I think that some of us in the faith community, and to a lesser degree, in the labor community are guilty of map bending. We refuse to believe that what is transpiring in front of our eyes is really happening. We tell ourselves, oh it couldn’t be that bad or these people are so ridiculous they are going to over reach and discredit themselves. We undervalue solidarity and forget who our real friends are.

I’m here to tell you that the terrain has changed. The situation is dire. The stakes are high. We need to draw ourselves a new map that accurately reflects the hostile terrain where we find ourselves. That’s the only way we’re ever going to get to higher ground safe and whole.

One place that map is being drawn is here in Madison, Wisconsin. In the Capitol Rotunda where people are coming together. Where people are supporting each other with resolve and the kind of joy that emerges in the presence of love and respect and gratitude for the opportunity to stand together for what is good and right in this state and in this nation. Where people from all walks of life look at each other with brimming eyes and say, if not now when, if not here, where; if not us, who?

I thank God for you and all of the good working people of Wisconsin. Who have told the governor and his handlers and the rest of them: “This stops here and now. We will hold the line. And we will not be moved.”

"A remarkable victory"...

NY Times editorial celebrates Immokalee farmworkers’ agreement with Florida Tomato Growers   [12-6-10]

This comes to us from the Presbyterian Campaign for Fair Food

An editorial published in Saturday's New York Times begins: 

"Fair trade is finally coming to the tomato fields of Florida, where farmworkers have won a remarkable victory in a 15-year struggle for better pay and working conditions. Last month, they struck a deal with growers to raise workers’ pay and to create an industry code of conduct, a health and safety program and a system to resolve worker complaints..."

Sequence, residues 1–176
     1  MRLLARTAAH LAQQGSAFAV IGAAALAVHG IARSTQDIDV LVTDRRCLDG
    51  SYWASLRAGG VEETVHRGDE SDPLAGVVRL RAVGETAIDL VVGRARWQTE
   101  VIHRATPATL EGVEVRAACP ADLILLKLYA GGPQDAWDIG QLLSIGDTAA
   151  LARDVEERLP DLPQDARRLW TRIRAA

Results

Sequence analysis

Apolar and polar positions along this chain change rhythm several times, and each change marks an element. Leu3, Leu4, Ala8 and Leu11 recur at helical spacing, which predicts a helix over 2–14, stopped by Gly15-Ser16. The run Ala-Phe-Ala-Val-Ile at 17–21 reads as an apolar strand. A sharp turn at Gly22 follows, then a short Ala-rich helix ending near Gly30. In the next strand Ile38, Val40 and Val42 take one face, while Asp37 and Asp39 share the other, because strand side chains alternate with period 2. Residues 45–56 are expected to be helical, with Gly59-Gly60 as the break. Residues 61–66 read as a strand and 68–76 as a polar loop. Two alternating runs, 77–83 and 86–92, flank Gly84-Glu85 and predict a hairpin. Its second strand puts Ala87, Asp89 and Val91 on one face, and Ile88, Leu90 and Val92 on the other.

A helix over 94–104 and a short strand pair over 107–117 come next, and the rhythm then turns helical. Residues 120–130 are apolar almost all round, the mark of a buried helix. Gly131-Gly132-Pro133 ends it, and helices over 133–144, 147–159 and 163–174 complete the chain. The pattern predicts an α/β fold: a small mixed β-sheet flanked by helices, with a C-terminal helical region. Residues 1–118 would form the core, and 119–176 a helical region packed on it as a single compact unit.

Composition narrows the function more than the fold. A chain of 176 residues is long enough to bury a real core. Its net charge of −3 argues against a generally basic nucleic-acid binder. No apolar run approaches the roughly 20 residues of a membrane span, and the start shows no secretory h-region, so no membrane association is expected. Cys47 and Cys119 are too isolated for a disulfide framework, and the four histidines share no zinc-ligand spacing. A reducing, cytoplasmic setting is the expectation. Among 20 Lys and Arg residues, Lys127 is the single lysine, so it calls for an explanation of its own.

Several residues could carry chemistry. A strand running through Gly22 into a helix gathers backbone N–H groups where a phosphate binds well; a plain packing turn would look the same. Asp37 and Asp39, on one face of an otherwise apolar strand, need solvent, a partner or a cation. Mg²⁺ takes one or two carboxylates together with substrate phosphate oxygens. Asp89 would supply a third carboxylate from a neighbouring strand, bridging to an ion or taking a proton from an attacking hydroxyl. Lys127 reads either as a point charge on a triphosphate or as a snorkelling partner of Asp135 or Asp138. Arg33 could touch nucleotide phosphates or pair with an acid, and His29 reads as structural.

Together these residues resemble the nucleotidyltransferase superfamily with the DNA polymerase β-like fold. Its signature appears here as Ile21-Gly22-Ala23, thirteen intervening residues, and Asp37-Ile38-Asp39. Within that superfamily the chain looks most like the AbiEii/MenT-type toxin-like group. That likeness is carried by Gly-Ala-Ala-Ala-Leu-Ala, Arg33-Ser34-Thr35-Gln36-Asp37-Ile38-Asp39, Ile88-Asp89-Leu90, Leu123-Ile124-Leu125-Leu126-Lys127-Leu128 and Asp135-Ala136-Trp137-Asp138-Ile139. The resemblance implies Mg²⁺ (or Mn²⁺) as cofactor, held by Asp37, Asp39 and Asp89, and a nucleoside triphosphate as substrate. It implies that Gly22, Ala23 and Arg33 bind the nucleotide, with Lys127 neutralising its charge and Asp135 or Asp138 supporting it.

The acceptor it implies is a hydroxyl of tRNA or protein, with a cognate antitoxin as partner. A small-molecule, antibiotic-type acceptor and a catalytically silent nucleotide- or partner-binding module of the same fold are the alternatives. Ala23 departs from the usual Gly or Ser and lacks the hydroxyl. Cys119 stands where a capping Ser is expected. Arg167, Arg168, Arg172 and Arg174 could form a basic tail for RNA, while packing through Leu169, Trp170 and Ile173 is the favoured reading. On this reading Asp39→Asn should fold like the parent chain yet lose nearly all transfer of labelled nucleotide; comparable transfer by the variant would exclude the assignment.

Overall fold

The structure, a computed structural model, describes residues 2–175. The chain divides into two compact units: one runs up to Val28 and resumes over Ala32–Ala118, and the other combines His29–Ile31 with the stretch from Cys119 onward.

The editorial goes on to give a brief primer on the history of the campaign, reminds the reader that the supermarket industry has yet to do its part to support the Fair Food movement, and concludes, "The Immokalee victory won’t impose fairness overnight, but after generations of exploitation, part of the farm industry is pointing in the right direction."

Go to the CIW website to see the editorial and all the latest news from the Campaign for Fair Food.

You know something big is happening when events in Immokalee make it into the pages of, first, the Wall Street Journal and, now, the "Old Gray Lady", so stay tuned!

Thanks - Coalition of Immokalee Workers

Is our PC(USA) supporting union busting?
prepared by Doug King    [11-13-10]

For some time now, SEIU Healthcare Pennsylvania, a branch of the Service Employees International Union, has been calling on Express Scripts to cancel its plan to close its prescription shipping facility in Bensalem, Pennsylvania, which would put 365 people out of work, many of whom are low wage workers with families.

The union workers have offered $8 million in wage and benefit concessions to help keep the plant open. Even though these concessions included giving in to the company’s demand that workers give up their pension plan, so far the company management has been unwilling with the union, which unites 20,000 health care workers from all areas of the health care industry in Pennsylvania.

Now the union is approaching a number of organizations that have sizable contracts with Express Scripts for mail-order prescription medicine, asking their support. One of those customers just happens to be the Presbyterian Church (USA). So a few days ago, a delegation of Express Scripts workers, who are union members, went to the main office of the Presbyterian Board of Pensions, seeking to make the church aware of the issue.  No one at the Board of Pensions would meet with them, and no one has responded to their letters.